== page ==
ANOMALOUS origin of the coronary arteries is a congenital anomaly which is found relatively infrequently.1 Only four cases were noted among 6,800 autopsies at the Massachusetts General Hospital (Bland, White, Garland), while Abbott2 found the condition in 10 of 1,000 patients with congenital heart disease. Soloff3 (1942) reviewed the cases of anomalous origin in the medical literature and added 1 case to the 16 that he found in which the left coronary artery originated from the pulmonary artery. He found two cases in which the right coronary artery originated from the pulmonary artery, and two other cases in which both coronary arteries arose from the pulmonary arteries. Other types of anomalous coronary vessels are very rare, such as both coronary vessels arising from the aorta. the accessory coronary vessels arising from elsewhere, and only one coronary artery supplying branches of both the left and the right ventricles.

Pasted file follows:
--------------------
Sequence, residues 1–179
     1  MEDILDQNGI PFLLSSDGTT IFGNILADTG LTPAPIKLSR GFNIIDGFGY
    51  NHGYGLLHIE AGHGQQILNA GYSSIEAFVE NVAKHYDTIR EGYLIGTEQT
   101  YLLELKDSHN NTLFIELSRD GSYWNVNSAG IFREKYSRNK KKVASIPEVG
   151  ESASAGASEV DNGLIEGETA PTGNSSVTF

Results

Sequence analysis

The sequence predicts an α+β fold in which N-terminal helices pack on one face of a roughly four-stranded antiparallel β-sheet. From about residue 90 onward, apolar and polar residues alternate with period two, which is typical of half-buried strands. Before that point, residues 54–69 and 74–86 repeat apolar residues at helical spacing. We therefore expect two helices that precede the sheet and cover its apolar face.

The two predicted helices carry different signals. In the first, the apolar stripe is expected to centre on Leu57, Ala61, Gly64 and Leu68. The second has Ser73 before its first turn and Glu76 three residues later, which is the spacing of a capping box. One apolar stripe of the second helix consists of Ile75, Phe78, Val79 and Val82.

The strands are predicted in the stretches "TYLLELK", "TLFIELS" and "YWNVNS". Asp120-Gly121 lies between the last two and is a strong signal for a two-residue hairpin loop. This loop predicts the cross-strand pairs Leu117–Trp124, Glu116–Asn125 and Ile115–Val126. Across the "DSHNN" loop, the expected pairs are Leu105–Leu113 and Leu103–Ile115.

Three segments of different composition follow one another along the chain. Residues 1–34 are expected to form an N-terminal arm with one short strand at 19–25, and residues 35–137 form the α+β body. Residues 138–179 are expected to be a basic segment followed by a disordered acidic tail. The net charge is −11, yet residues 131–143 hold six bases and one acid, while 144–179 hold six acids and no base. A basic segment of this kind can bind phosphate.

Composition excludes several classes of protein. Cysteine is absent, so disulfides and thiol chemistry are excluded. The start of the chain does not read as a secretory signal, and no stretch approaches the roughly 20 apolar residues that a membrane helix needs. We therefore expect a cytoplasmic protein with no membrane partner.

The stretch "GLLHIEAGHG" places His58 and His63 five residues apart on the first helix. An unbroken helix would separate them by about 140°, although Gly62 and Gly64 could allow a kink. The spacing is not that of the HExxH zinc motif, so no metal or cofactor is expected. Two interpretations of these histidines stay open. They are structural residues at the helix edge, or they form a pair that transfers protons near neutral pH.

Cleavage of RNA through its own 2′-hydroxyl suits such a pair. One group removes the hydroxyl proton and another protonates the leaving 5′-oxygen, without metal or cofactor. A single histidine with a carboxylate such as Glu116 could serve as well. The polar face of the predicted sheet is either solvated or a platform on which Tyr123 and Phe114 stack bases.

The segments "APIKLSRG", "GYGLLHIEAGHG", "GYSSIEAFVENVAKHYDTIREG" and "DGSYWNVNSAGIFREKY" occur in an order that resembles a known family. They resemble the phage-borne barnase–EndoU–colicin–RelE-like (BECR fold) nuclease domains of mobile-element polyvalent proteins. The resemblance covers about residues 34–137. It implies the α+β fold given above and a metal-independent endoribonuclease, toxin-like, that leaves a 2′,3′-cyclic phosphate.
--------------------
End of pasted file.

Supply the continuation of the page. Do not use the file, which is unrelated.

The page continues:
KEIZER DPR, ROCHAT RR. ANOMALOUS ORIGIN OF LEFT CORONARY ARTERY. AMA Am J Dis Child. 1952;83(6):769-773. doi:10.1001/archpedi.1952.02040100067006